Lecture 5: Pravritti-Marga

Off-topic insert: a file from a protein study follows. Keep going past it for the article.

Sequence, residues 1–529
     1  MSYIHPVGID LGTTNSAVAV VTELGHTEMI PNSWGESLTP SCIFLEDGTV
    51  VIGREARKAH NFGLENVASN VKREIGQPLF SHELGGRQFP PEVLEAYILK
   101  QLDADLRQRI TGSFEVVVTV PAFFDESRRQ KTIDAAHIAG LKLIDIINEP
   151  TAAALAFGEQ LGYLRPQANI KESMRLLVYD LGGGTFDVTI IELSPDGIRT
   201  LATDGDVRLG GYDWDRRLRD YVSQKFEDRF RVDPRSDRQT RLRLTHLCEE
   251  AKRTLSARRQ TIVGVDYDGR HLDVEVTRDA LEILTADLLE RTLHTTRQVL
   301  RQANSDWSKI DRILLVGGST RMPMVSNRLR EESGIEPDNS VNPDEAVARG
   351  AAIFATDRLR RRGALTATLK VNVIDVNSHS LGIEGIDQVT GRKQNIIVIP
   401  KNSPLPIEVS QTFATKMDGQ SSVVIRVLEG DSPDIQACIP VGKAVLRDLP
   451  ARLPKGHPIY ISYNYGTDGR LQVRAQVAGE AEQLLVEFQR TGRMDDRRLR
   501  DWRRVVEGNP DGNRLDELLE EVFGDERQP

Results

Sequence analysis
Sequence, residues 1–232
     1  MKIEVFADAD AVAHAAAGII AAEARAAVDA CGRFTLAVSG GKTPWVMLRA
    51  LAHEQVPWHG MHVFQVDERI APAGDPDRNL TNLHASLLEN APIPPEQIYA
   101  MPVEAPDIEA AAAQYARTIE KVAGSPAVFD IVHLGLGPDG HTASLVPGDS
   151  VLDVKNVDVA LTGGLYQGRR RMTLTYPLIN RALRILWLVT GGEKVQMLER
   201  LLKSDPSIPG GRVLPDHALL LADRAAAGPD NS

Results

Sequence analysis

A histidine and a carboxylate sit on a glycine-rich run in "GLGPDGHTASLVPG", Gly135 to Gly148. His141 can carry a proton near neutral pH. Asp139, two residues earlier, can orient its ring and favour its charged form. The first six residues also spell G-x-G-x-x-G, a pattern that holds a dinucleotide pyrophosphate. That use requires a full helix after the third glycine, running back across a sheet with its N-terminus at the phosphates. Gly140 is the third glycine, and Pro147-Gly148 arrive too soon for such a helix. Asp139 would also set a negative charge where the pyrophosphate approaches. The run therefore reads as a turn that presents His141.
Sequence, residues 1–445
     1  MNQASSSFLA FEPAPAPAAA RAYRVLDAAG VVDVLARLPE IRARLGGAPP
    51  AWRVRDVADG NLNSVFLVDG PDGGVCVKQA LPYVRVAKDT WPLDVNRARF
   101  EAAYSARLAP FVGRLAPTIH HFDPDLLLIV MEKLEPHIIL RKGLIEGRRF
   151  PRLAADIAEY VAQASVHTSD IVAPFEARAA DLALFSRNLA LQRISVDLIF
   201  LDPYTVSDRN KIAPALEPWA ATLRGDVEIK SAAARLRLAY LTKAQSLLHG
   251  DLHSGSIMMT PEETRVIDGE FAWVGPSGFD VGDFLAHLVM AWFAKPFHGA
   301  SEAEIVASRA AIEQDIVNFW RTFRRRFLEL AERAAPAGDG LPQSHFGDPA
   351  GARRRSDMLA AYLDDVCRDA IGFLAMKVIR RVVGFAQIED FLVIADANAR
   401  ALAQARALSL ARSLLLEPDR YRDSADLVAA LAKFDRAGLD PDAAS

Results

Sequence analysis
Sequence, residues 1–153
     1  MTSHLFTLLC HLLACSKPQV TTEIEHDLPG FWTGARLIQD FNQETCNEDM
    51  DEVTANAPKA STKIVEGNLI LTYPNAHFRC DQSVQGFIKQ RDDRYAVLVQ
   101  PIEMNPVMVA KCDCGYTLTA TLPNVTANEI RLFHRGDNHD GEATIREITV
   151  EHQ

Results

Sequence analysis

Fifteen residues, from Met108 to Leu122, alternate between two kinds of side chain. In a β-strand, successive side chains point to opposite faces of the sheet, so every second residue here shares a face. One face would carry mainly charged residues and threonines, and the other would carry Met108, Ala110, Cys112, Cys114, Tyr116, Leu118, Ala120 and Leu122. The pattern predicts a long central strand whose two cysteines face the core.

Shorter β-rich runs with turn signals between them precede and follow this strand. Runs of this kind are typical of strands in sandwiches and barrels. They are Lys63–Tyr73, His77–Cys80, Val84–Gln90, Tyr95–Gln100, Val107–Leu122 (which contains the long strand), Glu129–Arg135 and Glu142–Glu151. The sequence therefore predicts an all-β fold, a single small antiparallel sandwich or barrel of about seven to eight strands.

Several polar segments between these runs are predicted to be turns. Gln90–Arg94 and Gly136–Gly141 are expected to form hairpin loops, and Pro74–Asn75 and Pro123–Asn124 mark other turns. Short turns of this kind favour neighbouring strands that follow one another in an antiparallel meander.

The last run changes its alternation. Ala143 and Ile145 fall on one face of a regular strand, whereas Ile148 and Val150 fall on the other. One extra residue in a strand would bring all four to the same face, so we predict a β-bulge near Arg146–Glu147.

The next five verses [of Chapter 4], from the 11th to 15th, deal with action and inaction. If Moksha can be attained by seeking Bhagavan alone, the highest goal, how is it all men do not follow this course; how is it that we see such differences in men that, while a very few are devoted to Him, a very large majority feel no attraction to this path? Is the Lord then partial that on a very few only He bestows his very Self that is Moksha, and on few others only devotion to Him, while a very large majority do not receive even that? Such a question arises, and the 11th verse gives a satisfactory reply and removes the doubt about Bhagavan’s strict impartiality. Saith the Lord: “Howsoever men approach Me, even so do I reward them; My path do men follow in all things, O Son of pritha.” He says that whatever paths men choose, He meets them there, because all forms being filled with his life, all paths are His. But men differ in their choice according to their Guna (nature). For, as the 12th verse says, “They who long after success in actions saerifice here to the gods; for soon in this world of men success accrues from action.” The path leading to Moksha referred to in the 10th verse1 has no attraction for the large majority, because it is an arduous path where tangible results are not secured immediately. Very few are the men who have the necessary patience and perseverence to under take and Carry on through innumerable lives the long and tedious process of self-purification and of surrendering the purified self to Bhagavan, and to cling to Him alone for ever-more. Our own observation confirms what Bhagavan says in the 3rd verse of the 7th Chapter that scarcely one in a thousand strives for perfection. The reason is that the large majority of human beings are impelled by desires, and seek the immediate, fruition of their desires; hence instead of turning their minds and hearts towards Bhagavan they worship the minor gods and reap according to their sowing. But Bhagavan’s divine dispensation seeks to provide even for these people, and for this purpose He says in the 13th verse [of Chapter 4] that “The fourfold caste has been created by Me according to the distribution of Guna and Karma, energies and actions; though I am the Author thereof, know Me as Non-Agent and Immutable.” The Sanskrit word for caste is Varna, not the outer colour of the physical body, but the colour of the subtler bodies, and the very word Varna implies that the four-fold caste is no artificial imposition on Man by some external authority. It finds its sanction in the very constitution of human nature. The One life is the Light of Ishwara, and when it appears through the modifications of Prakriti and its Gunas, it appears as different colours, Varnas, with different Gunas and Karma, energes and consequent actions. As Bhagavan says in the 40th verse of the 18th Chapter, “There is no being on earth or among gods in heaven who is free from these three qualities of matter,” and further in the 41st verse it is explained, “Of Brahmanas, Kshattriyas, Vaishyas and Shudras, O Parantapa, the duties have been distributed according to qualities born of their own natures.” Evolution itself implies different stages of growth. The duties of Brahmana, such as serenity, self-restraint, austerity, knowledge, etc.,—of Kshatriyas, such as prowess, firmness, splendour, not flying from battle—of Vaishyas, such as ploughing, protection of kine and trade—of Shudras, the duty of service, fit in with the tendencies developed in them through several previous births. The scriptures in pointing out these several duties as proper for respective castes simply reveal the workings of Nature’s law, and thus giving man an insight into the workings of Nature, help on human evolution. This four-fold caste with its specific duties attaching to each has been devised with the double view of ensuring prosperity on earth and of gradually leading man on to the path of renunciation. It is made attractive to the average man by the graduated scheme of rewards (vide Apastamba Dharma Sutra 22-23), while the various restraints it imposes make for the control of body and senses and the starving out of the desire-nature. Moreover, as against the modern secular conception of Society as being a body politic, the basic idea on which the system is founded is a spiritual one in which the four castes are considered as forming so many limbs of the Purusha, the spiritual Being, Prajapati, (vide Purusha-Sukta). The Brahmanas are His mouth, the Kshattriyas are His arms, the Vaishyas His thighs and His feet are the Shudras. Here there is no question of great and small; all are parts of an organic whole, and all have to perform their proper functions to preserve the welfare of the whole. It made the mind familiar with the idea of all work being a sacrifice. The Brahmana does his work; so also the other castes do their works. It gave a spiritual direction to all work by holding prominently before men this idea of human solidarity and sacrifice. Strange as it may seem this institution of caste founded on the idea of a common spiritual origin pointed to an organic; solidarity and spiritual unity of the race. Though the Colours (Varnas) are different from each other, the separative element was accidental and in reality they are one in their origin, the Light. So viewed, the system induced in each a sense of duty irrespective of results and gradauly paved the way for worshipping Bhagavan through devotion to one’s duty referred to in the 46th verse of the 18th Chapter: “Him from Whom is the evolution of all beings, by Whom all this is pervaded,—by worshipping Him with proper duty, man attains perfection.” While the fostering of a sense of duty attenuates the personality and lifts motive out of personal inclination on to the impersonal idea of righteousness, the recognition of Bhagavan as the source of all Life and Dharma curbs the Ahankara involved in the separative sense of duty, and thus are laid the sure foundations for the life of renunciation, and a hankering for liberation, Mumukshutva, is aroused. For action in which attachment and Ahankara are, absent does not bind. Thus, though Bhagavan in the 13th verse [of Chapter 4] says that the fourfold caste was created by Him, yet in the 14th verse it is said “Actions pollute Me not, nor have I a desire for the fruit of actions. He who knows Me thus is not bound by actions.” The Lord says: “Because I have no attachment, action does not bind Me.” Similarly if men perform action dispassionately and without Ahankara, such action will not bind them. Therefore proceeds the Lord in the 15th verse: “Thus knowing, men of old performed action in the hope of liberation; therefore, do thou also perform action as did the ancients in the olden time.”